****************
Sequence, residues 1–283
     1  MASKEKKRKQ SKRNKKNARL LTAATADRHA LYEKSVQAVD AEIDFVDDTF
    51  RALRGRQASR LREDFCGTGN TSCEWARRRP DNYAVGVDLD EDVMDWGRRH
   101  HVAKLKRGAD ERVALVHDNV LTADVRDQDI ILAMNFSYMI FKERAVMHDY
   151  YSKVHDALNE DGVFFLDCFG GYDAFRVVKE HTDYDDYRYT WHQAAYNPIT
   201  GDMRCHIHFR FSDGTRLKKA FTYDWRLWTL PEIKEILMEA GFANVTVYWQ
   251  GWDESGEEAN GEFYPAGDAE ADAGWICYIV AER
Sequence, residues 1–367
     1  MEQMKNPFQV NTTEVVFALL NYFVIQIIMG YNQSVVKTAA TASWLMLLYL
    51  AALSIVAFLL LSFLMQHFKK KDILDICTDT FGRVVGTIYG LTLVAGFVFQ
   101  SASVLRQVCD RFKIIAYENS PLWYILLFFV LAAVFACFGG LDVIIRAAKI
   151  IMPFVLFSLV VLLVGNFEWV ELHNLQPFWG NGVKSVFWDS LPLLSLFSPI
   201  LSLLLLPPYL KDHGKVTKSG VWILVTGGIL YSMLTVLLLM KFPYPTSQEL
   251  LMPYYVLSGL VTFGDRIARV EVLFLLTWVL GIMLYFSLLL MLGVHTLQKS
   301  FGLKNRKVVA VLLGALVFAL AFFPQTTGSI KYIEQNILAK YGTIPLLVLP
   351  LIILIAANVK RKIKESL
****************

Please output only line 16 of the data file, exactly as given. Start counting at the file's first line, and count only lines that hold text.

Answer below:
   351  LIILIAANVK RKIKESL